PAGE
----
The program from the inaugural recital of the 1852 instrument shows a German and English influence in repertoire and performer, but there are also improvisations (one on a French opera by an American). The 1869 program from the exhibition of the current organ features a great deal more opera transcriptions.
Organists and Pipe Organs of the Basilica
Though there was music at the opening of the Cathedral in 1815, it is difficult to surmise what it was or who performed it. Only second- or third-person sources exist to cobble together even this very incomplete list. Generally, there was a professional quartet at the Cathedral, augmented by the volunteer St. Patrick’s Choral Union.
1800: Henry Erben is born, March 11, in New York.
1809: The cornerstone of St. Patrick’s Cathedral is laid on the grounds of the existing cemetery, amidst fields and woods.
1815: Organ built by William Redstone (c. 1768–1824). One manual.
1816: Henry moves to Philadelphia to become Thomas Hall’s apprentice.
1818: Hall marries Henry’s older sister, Maria, at Trinity Church. Hall’s Philadelphia shop destroyed by fire; he relocates to New York.
1820: Thomas Hall (1791–c. 1875) enlarged and altered the Redstone organ.
c. 1825–1834 W. A. Rabbeson
1825: The Erie Canal opens between Albany and Buffalo.
1826: Hall & Erben organ installed, three manuals.
c. 1834–1845 William Richard Bristow
1835: Erben’s factory on the corner of Center and Canal street is destroyed in a fire, causing a riot.
1836: Henry is elected to the New York Common Council as Assistant Alderman, representing the 6th Ward.
1837: Samuel Morse develops and patents the recording electric telegraph.
1841: Erben’s factory again destroyed by fire; damage reported at $40,000.
1843: Erben’s barn is set on fire. Thomas Hall resigns and establishes his own business (Hall & Labagh after 1845).
c. 1846–1864 David R. Harrison
1846: Trinity Church organ dedicated, with exhibition Oct. 7 and 8 attracting 18,000 people and American Institute awards Erben a gold medal for the instrument.
1849: Fire again destroys his factory; Henry’s wife, Mary Luff Erben, dies, a victim of a cholera epidemic.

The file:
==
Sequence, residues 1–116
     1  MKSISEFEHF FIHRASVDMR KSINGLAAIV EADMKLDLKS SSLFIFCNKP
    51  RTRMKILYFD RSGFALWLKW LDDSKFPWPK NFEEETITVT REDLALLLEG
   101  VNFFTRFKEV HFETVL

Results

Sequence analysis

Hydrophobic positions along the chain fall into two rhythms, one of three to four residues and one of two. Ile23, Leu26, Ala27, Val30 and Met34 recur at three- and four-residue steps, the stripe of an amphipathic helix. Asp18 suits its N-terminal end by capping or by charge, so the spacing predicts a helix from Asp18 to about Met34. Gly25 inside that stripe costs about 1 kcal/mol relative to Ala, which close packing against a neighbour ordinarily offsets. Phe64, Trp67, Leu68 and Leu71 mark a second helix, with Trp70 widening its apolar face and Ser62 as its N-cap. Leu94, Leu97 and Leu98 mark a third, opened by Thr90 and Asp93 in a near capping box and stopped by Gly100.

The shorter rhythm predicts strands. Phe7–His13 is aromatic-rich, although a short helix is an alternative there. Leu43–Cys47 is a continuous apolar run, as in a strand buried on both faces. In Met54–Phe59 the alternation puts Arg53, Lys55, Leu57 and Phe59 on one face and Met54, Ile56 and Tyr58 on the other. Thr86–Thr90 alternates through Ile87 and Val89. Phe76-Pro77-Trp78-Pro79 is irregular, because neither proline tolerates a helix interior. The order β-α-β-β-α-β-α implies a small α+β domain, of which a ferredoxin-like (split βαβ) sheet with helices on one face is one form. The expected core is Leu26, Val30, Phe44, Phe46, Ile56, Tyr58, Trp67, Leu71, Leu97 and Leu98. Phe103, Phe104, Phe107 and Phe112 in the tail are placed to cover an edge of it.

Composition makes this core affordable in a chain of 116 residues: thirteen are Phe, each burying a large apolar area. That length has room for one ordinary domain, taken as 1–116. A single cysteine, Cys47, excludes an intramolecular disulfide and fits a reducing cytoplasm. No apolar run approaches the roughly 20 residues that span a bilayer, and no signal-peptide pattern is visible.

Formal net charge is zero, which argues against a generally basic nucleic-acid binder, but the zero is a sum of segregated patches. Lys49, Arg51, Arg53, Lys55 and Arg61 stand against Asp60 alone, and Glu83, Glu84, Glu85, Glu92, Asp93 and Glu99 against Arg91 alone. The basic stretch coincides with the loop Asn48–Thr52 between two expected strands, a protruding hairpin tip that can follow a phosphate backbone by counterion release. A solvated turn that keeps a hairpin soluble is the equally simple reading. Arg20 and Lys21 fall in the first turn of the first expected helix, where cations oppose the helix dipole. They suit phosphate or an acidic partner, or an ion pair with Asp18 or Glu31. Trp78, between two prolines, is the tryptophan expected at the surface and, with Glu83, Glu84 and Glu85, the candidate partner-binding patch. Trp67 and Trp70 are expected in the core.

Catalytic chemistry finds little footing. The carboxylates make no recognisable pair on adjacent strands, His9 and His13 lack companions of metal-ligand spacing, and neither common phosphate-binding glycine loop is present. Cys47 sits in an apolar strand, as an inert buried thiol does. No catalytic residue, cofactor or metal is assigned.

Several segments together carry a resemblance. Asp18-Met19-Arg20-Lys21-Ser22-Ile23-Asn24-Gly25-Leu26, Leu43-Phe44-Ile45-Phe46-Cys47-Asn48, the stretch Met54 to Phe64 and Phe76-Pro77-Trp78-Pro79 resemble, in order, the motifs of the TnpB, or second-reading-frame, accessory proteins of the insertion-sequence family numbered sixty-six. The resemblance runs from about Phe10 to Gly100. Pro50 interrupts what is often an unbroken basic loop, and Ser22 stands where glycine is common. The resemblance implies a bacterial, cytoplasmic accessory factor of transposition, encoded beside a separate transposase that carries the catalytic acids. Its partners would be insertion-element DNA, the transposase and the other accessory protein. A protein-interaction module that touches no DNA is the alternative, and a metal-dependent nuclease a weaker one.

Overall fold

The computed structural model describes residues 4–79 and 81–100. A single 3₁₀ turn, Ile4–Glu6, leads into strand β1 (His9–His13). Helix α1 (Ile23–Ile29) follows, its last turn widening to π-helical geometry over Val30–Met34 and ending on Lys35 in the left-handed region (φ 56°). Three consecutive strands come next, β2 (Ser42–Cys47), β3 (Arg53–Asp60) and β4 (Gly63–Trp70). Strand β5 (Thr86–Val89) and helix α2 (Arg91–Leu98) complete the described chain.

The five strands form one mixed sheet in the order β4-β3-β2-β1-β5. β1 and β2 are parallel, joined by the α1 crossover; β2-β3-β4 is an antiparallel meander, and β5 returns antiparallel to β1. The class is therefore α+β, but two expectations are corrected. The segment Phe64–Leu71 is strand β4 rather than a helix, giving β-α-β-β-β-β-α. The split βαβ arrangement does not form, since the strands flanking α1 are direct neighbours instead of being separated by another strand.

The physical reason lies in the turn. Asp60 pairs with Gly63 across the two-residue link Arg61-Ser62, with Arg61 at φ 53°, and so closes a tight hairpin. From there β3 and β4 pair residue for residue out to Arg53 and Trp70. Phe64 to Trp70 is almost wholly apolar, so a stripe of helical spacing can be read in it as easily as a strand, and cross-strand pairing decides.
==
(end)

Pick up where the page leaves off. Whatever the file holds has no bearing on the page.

1852: Henry Erben organ, three manuals, destroyed in 1866 fire.
- Meehan, Thomas F., Historical Records and Studies, “The First Charity Concert for the Catholic Orphans in New York”, United States Catholic Historical Society, 1899, p. 368.
- Lawrence, Vera Brodsky, Strong on Music, Vol. I, Resonances 1836–1850 (New York, Oxford University Press,1988). See p. xl.
- Ibid., p.302n, 106n.
- Ibid., p. 168.
- Ibid., p. 423.
- Ibid., p. 74, 109, 113, 486 et. al.
- “A New Phase in Musical Matters,” The Musical World and Journal of the Fine Arts, Vol. 3, No. 21 (1 July 1852): 359–360. Courtesy of Stephen Pinel.
- Lawrence, Vera Brodsky, Strong on Music, Vol. I, Resonances 1836–1850 (New York, Oxford University Press, 1988), p. 112.
- Lawrence, Vera Brodsky, Strong on Music, Vol. III, Repercussions 1857–1862 (Chicago, The University of Chicago Press, 1999), pp. 298, 440.
- Lawrence, Vera Brodsky, Strong on Music, Vol. III, Repercussions 1857–1862 (Chicago, The University of Chicago Press, 1999), p. 537.
- Lawrence, Vera Brodsky, Strong on Music, Vol. II, Reverberations 1850–1856 (Chicago, The University of Chicago Press, 1995), p. 423.
- Courtesy of S. Basile, who has written a history of music in the Archdiocese.
- From the “Metropolitan Church and Choir Directory of New York and Brooklyn,” and also “Nickerson’s Illustrated Church Musical and School Directory of New York and Brooklyn.”
- Courtesy of Stephen Pinel, Archivist, American Organ Archives of the Organ Historical Society, Princeton, NJ.